Oh my! Time for year-end tax planning, again. Yes, this voice over talent does it annually.  BUT…April 15th is so far away, many may be thinking. Tax planning by the first week in December has become as much a tradition in my life as celebrating the holidays.

What prompted me to write about this is a couple of articles I found online, which address some of the things I’ll discuss here, but not all.

First, is a general list I found online:  Actors Hub of Tax deductions for acting expenses. This list is pretty good, but be mindful that the suggestions are coming from the UK, and include deductions applicable to film and on-camera acting. But voice over talent may find the list useful. I repeat, this list is what could be permissible in the UK, and may not translate within the United States tax laws.

Honorable mention goes to my friend Dave Courvosier,  who wrote this article on VoiceoverXtra . Dave covers a lot of general year-end planning in that article, and makes a lot of sense, so check it out.

Ease up on your Tax Liability

This post will focus on some moves you can make right now to ease your tax burden and save yourself some time and hard-earned money in the process.

First, if you’re a full-time voice actor, I trust you typically itemize your expenses on your taxes, along with filing  Schedules C and E. And that you keep tidy records of all income and expenses for your business in accounting software.  And your voice over company business is accounted for separately from general household. If you don’t do these things, you should. If you don’t, it will definitely take longer to compile your data, and you may be challenged to get it all together in time before year’s end. And you have a good CPA on your business management team, right? If not, get one, especially if you own real estate and stocks, vehicles or have anything complicated. They are worth it!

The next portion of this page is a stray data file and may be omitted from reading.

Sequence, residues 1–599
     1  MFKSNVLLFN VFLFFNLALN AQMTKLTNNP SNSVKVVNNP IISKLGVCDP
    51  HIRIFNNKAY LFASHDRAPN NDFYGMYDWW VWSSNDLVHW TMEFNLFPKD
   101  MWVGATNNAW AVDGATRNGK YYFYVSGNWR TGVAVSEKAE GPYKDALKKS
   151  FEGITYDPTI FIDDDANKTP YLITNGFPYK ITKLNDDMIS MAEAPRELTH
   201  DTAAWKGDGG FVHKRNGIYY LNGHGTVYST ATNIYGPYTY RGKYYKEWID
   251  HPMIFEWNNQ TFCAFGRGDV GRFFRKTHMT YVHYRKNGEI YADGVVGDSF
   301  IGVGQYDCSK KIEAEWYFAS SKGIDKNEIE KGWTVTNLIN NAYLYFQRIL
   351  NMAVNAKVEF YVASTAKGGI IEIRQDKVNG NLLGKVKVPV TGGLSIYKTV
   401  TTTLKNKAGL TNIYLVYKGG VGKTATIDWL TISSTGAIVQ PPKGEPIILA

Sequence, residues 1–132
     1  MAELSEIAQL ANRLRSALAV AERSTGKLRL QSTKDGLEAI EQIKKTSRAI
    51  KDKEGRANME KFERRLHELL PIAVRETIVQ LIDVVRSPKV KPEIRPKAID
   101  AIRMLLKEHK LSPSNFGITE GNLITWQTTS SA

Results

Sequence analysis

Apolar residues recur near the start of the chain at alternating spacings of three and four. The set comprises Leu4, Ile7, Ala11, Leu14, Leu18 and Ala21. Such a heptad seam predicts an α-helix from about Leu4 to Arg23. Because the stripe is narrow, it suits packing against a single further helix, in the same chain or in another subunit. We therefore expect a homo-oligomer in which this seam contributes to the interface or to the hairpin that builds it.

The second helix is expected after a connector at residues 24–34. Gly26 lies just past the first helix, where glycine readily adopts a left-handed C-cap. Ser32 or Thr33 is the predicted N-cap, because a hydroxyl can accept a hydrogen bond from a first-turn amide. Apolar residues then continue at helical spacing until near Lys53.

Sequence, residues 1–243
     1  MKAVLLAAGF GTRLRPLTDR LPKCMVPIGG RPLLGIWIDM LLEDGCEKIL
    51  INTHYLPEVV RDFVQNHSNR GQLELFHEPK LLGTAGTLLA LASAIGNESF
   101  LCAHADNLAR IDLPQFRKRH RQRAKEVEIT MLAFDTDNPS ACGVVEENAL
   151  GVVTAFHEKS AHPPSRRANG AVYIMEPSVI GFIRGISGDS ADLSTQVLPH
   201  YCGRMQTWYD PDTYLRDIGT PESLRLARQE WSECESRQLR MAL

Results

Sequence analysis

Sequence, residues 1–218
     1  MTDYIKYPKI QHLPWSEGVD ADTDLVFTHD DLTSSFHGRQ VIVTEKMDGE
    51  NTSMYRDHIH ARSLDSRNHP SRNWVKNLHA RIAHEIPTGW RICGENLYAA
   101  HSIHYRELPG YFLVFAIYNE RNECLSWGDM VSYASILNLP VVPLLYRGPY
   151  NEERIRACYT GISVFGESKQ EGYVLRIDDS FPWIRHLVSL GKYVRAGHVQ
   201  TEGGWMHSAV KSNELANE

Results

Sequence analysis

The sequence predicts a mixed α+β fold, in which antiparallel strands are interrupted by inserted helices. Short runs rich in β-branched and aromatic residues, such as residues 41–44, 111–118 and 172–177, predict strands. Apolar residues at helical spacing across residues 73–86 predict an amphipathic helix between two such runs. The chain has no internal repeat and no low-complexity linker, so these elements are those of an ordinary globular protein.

If you need to create your accounting records in a software solution, consider starting it fresh and new for 2015.

My big goal each year is to have a pretty clear picture, in advance what the tax situation will be when we file April 15.

What you can do now

I’ll  send this year’s data, let my CPA crunch the figures and let him advise me what I can do before this year is over to avoid paying more income tax than I legally am obligated to do.

1) Estimate gross household income by year’s end (pretty easy to figure at this point by looking at any receivables and adding them to gross earnings) list gross income by individual household member.

2) List any interest income from banks, CD’s etc.

3) Schedule C- Attach a Profit & Loss Statement for your voiceover business- Separate from your Family household’s.

4) Schedule C: it’s the heart of your business return where you’ll itemize business expenses.  What is deductible is right here from the horse’s lips, the IRS .Be sure to include the pro rata percentage amount of  “rent”  or mortgage payment for your studio space. For me, the studio and office comprise 18% of our total living space. In addition I’ll consider 18% of all shared household expenses with respect to Gas & Electric, trash, phone, internet, TV, and cleaning. If you own your home, take that percentage of property taxes as well.  If you drive to your studio or someone else’s, be sure to list total mileage!

5) Schedule E: This schedule is where you list your Capital Assets, such as computers, microphones, preamps, sound booth etc. that cost $500 or more. These go on to a depreciation schedule. List date purchased and cost. If you happen to sell some of that  equipment, you’ll need  list date sold or disposed of  for the cash basis.

Additional Moves

After all this, if you pay estimated taxes, list how much you paid each to State and Federal, and  your CPA may tell you to send another payment into the State before year’s end.

If you own stocks, is it time to sell some and take a loss for under-performers?

If you have an IRA, you may be also able to offset some tax liability by making a contribution.

This information is by no means meant to be comprehensive. Always remember, your individual situation may vary. Please talk to a professional. And please plan!